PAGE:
Hands-on: 2020 11-inch iPad Pro with A12Z Bionic SoC, Wi-Fi 6 and LiDAR scanner
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It seems Apple can barely launch a product without some sort of controversy these days. The first generation of this relatively new iPad Pro design launched in 2018 and immediately found itself plagued by claims that it was far too easy to bend out of shape. In fact, the cellular model was actually prone to shipping slightly warped out of the box – at least with the early units. Of course, Apple claimed that this was ‘normal’ and a result of the cooling antenna material warping the device out of shape by around the width of three A4 pages or so.
After weathering that particular storm, Apple is back again with what many had hoped was a more durable chassis. This remains a question mark, however, as at least one vlogger found that it still bends too easily when force is exerted on it leading to claims of Bendgate 3.0. In hand it feels sturdy enough although we aren’t into torture testing our devices as is the want of others - we can conclude, however, that the new iPad Air design is undoubtedly more robust. Another controversy erupted when Notebookcheck exclusively revealed that the A12Z SoC in the new model is nothing more than a re-binned A12X with its 8th graphics core enabled. On the plus side, all models this time ship with 6 GB of LP DDR4X RAM (up from 4 GB) which was previously only reserved for the super expensive 1 TB model.
Other tweaks include the addition of a U1 ultra-wideband chip (anticipated to work with Apple’s forthcoming location tags), improved storage capacity, and new-found support for Wi-Fi 6 (802.11ax). The only major update to come with the 2020 iPad Pro range is the new rear camera array. This brings with it a new 10 MP ultrawide camera coupled with the previous model’s 12 MP wide camera. Also new in the camera array is Apple’s ballyhooed LiDAR scanner. As we noted in our closer look at the LiDAR scanner, it is a more sophisticated version of the 3D ToF sensors we have seen on flagship Android smartphones recently. The use of a LiDAR scanner brings far greater depth accuracy and speed which is particularly useful in Apple’s ongoing interest in making augmented reality apps even better.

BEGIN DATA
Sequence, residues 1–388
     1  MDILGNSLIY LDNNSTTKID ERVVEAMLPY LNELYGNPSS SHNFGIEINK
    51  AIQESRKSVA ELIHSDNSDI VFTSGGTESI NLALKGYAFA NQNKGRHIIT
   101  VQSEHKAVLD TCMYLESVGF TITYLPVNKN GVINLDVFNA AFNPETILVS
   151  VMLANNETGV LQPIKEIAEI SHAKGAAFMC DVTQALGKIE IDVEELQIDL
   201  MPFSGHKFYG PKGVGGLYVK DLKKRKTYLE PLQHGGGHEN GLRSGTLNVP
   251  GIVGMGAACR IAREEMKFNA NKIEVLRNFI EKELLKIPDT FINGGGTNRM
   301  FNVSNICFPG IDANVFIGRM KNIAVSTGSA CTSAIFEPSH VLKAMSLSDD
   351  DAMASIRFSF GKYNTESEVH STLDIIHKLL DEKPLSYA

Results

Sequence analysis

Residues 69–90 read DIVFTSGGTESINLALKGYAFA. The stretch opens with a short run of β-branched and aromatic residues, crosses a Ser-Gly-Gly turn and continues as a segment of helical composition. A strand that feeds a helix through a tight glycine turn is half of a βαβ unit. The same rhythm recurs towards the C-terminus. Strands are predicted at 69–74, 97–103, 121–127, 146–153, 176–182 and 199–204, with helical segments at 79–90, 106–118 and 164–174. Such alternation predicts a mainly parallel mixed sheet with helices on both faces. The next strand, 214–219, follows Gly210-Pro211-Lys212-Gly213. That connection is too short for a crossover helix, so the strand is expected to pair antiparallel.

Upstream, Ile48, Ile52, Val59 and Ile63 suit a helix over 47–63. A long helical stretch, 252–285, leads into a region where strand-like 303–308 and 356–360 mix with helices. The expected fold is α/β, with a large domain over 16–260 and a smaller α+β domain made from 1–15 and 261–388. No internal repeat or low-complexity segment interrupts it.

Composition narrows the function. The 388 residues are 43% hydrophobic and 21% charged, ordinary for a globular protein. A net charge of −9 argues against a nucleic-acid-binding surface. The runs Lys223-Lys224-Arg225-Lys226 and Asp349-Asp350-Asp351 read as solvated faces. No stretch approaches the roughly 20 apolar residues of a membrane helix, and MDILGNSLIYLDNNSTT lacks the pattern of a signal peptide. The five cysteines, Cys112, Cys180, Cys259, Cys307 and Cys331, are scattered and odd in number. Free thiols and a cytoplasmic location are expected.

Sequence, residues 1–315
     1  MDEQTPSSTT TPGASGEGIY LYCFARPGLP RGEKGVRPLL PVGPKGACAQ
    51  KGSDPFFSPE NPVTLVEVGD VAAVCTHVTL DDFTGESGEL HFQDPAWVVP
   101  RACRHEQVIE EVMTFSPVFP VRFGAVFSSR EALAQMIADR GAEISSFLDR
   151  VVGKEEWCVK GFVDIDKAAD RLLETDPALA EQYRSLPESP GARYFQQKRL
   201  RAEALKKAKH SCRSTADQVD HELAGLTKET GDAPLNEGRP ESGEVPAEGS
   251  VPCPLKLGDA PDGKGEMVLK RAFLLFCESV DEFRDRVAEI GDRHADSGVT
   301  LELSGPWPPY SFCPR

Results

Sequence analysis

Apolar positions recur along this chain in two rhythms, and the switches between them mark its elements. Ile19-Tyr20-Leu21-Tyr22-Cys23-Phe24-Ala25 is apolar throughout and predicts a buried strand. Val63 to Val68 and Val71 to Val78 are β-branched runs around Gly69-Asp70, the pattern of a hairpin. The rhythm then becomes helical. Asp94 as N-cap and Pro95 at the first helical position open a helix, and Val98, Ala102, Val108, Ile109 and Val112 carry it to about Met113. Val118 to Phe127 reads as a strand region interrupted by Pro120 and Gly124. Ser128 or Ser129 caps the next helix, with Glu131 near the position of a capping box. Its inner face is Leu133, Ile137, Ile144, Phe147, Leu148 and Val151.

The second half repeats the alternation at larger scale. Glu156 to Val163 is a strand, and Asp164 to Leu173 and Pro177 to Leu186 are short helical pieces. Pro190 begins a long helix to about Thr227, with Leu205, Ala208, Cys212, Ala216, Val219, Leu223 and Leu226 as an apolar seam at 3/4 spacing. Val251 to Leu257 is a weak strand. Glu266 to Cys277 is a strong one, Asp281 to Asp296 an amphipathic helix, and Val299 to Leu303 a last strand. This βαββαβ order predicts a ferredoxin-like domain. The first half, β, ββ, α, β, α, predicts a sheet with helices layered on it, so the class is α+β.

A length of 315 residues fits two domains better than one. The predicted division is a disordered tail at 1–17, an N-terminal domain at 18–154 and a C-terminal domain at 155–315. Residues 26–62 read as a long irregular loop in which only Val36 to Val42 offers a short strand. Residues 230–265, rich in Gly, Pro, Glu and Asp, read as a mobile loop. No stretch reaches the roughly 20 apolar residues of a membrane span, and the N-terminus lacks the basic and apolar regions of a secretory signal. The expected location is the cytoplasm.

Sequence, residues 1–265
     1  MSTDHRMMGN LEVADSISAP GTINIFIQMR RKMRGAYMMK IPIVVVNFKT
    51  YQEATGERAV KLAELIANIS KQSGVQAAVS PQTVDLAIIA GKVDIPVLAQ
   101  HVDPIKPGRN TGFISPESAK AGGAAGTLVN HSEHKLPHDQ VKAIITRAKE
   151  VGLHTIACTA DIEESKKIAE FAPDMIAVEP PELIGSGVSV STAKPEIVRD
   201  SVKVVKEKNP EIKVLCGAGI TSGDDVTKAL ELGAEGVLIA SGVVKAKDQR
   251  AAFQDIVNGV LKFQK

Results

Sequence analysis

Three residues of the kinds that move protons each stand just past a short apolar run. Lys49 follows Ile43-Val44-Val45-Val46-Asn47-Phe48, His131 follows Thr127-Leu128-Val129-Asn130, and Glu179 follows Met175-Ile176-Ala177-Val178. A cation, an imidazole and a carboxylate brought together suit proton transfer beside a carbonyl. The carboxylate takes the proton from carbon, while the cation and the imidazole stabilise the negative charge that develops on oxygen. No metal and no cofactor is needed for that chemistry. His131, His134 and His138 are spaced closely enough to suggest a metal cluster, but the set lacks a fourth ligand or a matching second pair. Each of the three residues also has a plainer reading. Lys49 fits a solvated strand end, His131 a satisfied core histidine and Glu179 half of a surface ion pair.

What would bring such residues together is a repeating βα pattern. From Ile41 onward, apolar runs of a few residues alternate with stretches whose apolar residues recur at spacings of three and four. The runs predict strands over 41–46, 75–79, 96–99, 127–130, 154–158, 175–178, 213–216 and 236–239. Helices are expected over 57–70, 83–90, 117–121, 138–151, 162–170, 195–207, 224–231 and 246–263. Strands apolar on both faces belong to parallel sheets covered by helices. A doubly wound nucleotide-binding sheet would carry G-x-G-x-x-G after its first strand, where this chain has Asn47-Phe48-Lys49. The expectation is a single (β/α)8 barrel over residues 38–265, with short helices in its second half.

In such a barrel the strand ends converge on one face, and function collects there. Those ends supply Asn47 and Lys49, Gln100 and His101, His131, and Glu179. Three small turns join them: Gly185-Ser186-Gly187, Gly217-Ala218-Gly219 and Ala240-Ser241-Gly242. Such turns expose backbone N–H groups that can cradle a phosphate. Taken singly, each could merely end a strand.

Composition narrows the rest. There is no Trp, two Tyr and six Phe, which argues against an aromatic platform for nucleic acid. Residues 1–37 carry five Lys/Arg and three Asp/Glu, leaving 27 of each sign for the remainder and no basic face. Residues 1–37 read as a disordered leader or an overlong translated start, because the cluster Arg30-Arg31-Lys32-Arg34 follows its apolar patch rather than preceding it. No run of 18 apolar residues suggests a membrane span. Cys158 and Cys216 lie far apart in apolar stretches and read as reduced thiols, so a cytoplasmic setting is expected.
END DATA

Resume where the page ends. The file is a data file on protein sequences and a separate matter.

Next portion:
In terms of iPadOS, the big news is the arrival of fully functional and enabled mouse and trackpad support in version 13.4. Apple has tried all sorts ways of sticking to the touch-first approach over the past ten years, and quite frankly, they have all failed. As an iPad user for most of that time, it really started to become infuriating. So much so, that I dumped the iPad for the Samsung Galaxy Tab S5e and then the excellent Galaxy Book S more recently. The arrival of mouse support for the iPad Pro is a game-changer and really transforms it into a genuine laptop alternative. Apple’s implementation, which features a dynamic cursor that changes according to context is also smart. For example, although shaped like a dot rather than a pointer, when hovered over text, it turns into a text selection cursor making it clear you can edit, or copy/cut and paste.
Apple’s new Magic Keyboard accessory for the iPad Pro, which unfortunately doesn’t arrive until May, is also a real highlight. We will certainly be taking a closer hands-on look at it when it comes, but it is worth briefly discussing its appeal. It is an all-new product that, in product photos, really transforms the iPad into something that looks much more cutting-edge and futuristic. It uses a traditional island keyboard that is backlit but adds a new back stand that allows the iPad Pro to ‘float’ above the keyboard. It’s not an original design idea, but it really does look the part in this implementation. The design approach was necessitated by the fact that Apple had to squeeze in the new trackpad now built into it. The only drawback is its horrendously high price which starts at US$300 for the 11-inch model and US$350 for the 12.9-inch model. The iPad Pro Smart Keyboard Folio, which wasn’t cheap to begin with at US$179, has also been tweaked and remains available as an alternative, but of course, doesn’t include a trackpad.
There was already a lot to like about the iPad Pro 2018 model. The new 2020 model, while a modest upgrade in terms of performance and features, builds on what is already a market-leading product with some useful enhancements. Despite rumors of a more powerful A14X-powered model to arrive late this year alongside the iPhone 12 launch, that is also said to sport 5G connectivity, there is more than enough performance in this model to keep you powering on for at least the next two to three years or more. The timing of both a new iPad Pro or iPhone 12 is all up in the air right with the COVID-19 crisis changing everyone’s plans and time frames. If the lack of mouse support was holding you back and you don’t already own a 2018 iPad Pro, there is little not to recommend the 2020 iPad Pro refresh except that it continues with the same, now lackluster, 10-hour battery life it has offered for years on end. It starts at US$799, which is within striking range for it to attract the wide audience it deserves.